Wednesday, March 30. Walking up to the area where Jamar Clark was shot. Seeing the memorial.
“Telling me I’m obsessed with racism in America is like telling me I’m obsessed with swimming while I’m drowning.” -Hari Kondabolu
I wasn’t sure what to think. This was my first time attending a protest. If you are not aware, on Wednesday morning, Attorney Freeman announced his decision not to charge the two police officers who shot Jamar Clark in Minneapolis, despite the 12 witnesses who said Clark was handcuffed, only two saying that he wasn’t, and six saying they were unsure.
This is so tough. At the 4th precinct, there was music blasting and black people dancing in the middle of the street. White people crowded around, either taking selfies or taking pictures/videos. I saw faces, uncomfortable, not quite knowing what to do. I myself am guilty of this. Fearful of being judged, fearful of what people would think.
A good friend and mentor once told me that you can do just about anything by 10-second bursts of small courage. Wednesday night contained many of these 10-second bursts.
But this isn’t enough. If I’m not constantly analyzing my motives, my intentions for being there, it is so easy to get caught up in the hashtagging and the pictures and the temptation to simply document these things, not actually be a part of it. Actually talk to people, actually listen.
If I claim to be a feminist, but only write and post about gender inequality in the churches I have grown up in, I am a fraud. If I am not fighting for the end of oppression for everyone; fighting for the end to sexism and racism, then I am sadly mistaken in what feminism is really about.
In my gender studies class, I’m learning how black women came up with the term “womanism” because feminism at the time only revolved around issues that affected white women.
It is so easy to take my white privilege for granted. To fight for the injustices I see at my college but not the injustices I see in the rest of the world around me. We’re sheltered, we’re in a bubble – but that’s not an excuse. Get informed. Actually read an article. Actually get involved.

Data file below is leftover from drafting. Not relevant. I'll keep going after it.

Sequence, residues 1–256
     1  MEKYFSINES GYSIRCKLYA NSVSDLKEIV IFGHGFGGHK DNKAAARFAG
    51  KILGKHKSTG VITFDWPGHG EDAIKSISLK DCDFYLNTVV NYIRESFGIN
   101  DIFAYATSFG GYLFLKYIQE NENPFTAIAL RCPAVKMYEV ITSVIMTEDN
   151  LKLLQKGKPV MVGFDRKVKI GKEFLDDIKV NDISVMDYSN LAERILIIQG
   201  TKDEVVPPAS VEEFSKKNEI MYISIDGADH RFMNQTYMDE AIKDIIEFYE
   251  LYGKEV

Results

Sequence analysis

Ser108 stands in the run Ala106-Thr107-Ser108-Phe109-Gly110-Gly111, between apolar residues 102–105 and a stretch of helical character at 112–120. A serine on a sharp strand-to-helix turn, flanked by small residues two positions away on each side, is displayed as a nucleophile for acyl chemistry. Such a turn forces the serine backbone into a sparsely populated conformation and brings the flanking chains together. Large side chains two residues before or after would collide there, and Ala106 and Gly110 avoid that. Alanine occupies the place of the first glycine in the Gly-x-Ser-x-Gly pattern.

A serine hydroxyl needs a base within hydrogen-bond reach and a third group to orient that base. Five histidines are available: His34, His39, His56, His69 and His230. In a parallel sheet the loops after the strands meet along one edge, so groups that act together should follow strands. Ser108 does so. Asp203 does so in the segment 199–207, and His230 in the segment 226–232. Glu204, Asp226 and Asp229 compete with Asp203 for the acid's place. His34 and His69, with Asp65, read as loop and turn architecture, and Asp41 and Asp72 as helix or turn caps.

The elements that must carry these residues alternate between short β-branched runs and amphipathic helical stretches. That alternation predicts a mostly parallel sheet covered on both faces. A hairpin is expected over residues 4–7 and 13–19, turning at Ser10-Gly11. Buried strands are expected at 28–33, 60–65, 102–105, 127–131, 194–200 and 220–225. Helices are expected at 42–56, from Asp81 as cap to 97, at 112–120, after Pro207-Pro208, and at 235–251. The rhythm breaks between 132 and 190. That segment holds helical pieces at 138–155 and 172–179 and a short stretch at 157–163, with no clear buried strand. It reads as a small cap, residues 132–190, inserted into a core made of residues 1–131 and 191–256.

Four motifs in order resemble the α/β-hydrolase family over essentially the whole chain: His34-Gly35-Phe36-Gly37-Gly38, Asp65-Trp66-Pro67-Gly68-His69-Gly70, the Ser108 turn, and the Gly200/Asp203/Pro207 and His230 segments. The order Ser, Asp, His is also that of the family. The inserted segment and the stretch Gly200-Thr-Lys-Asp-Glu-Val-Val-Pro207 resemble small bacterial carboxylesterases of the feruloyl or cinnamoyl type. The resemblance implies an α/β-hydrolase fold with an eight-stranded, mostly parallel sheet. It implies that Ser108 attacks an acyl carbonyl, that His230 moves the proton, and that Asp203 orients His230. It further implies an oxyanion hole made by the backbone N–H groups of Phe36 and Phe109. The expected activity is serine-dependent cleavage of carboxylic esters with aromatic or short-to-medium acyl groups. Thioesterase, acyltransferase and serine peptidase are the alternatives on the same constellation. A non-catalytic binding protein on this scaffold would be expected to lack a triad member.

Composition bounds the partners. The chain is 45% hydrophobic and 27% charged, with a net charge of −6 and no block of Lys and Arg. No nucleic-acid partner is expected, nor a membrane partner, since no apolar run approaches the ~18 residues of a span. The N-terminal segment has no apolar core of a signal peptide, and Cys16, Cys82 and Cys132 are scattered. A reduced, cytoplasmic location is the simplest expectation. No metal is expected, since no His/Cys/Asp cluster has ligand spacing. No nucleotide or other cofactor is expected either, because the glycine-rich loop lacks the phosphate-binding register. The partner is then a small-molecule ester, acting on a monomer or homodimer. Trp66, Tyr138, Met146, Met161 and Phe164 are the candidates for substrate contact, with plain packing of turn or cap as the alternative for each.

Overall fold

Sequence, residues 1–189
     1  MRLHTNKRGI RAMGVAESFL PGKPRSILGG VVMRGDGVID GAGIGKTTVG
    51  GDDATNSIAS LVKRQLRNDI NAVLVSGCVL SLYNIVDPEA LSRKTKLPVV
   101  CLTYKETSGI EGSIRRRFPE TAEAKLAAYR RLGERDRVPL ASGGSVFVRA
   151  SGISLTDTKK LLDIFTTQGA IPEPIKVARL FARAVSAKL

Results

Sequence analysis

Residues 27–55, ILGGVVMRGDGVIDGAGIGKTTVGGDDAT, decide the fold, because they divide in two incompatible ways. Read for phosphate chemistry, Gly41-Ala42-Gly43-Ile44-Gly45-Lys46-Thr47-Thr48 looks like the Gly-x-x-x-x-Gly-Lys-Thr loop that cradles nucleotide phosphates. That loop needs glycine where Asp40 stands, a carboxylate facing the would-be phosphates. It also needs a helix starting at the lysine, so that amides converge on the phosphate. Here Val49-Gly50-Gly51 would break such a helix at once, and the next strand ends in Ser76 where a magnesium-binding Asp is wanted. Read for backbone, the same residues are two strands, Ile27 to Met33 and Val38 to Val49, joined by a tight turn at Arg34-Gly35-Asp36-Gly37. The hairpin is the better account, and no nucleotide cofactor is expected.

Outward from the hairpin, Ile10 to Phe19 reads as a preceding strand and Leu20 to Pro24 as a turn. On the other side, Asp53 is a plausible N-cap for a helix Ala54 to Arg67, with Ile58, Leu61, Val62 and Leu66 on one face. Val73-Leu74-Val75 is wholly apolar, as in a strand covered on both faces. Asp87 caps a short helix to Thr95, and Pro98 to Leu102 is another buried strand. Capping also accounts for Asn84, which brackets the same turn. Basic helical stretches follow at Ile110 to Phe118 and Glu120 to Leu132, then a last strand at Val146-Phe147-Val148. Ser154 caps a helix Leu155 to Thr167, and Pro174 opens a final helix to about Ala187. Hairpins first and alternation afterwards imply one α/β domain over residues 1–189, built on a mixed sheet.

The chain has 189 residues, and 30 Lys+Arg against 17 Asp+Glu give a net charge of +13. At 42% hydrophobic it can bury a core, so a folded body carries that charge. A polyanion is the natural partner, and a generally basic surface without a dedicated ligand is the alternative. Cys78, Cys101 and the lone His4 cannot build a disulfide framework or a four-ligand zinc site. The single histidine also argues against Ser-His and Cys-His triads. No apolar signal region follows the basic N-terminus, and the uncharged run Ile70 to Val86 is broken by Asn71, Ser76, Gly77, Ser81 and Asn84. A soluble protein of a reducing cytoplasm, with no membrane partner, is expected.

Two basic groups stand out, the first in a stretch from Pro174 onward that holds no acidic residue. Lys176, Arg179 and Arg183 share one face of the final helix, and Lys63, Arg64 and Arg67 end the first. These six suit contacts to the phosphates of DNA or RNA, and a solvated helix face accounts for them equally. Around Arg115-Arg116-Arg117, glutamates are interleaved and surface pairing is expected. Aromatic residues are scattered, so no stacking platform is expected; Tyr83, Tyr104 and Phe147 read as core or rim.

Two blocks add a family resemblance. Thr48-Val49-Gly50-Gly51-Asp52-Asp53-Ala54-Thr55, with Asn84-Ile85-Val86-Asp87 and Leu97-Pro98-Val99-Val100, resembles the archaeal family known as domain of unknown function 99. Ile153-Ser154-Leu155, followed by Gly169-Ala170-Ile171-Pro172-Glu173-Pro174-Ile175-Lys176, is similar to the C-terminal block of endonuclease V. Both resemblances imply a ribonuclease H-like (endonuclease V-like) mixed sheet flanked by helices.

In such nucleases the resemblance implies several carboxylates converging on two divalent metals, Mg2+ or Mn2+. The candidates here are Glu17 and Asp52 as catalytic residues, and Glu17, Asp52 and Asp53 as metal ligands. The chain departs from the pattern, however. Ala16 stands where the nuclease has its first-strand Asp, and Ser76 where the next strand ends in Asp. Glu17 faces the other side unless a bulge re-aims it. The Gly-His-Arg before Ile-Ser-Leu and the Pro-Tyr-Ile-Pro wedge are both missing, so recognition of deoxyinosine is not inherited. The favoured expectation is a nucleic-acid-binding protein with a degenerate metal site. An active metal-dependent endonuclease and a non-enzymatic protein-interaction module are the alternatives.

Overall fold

This is a call to everyone. I get that you’re busy. We all are.
But I honestly believe that if Jesus Christ were on the earth right now, he would be standing at the front lines of the Black Lives Matter protests. He would not be killing doctors who perform abortions, he would not be persecuting people who identify as gay or bi or transgender; in fact, I believe he would be peacefully protesting against the “Christians” who do such things.
What if we actually read our Bibles, and not only read them but studied the context in which they were written, in a culture that reflects patriarchy, injustice, inequality, sexism. This doesn’t mean that the writers were racist or sexist themselves – they were reflecting on the culture and the time they were living in, written to specific people for specific things, not at all meant to be eternally binding or applied to us. Stop taking verses out of their context and trying to apply them to me or anyone else.
But chances are, the people reading this right now do not do this.
But you know people who do.
I’m just one person. But I can have a dialogue with the people I know and the people I meet.
So can you.
And if we all do this; have those hard conversations with the people we know, minds can be changed.
Please don’t be mad when people don’t change their minds, however.
Just plant the thought as a seed in their minds and watch it grow. Pray for God to water it, and pray for that person – for their heart, mind, and eyes to be opened to the truth.
Do your best and trust God with the rest. But doing your best requires you and I to do something.
This is a call to action.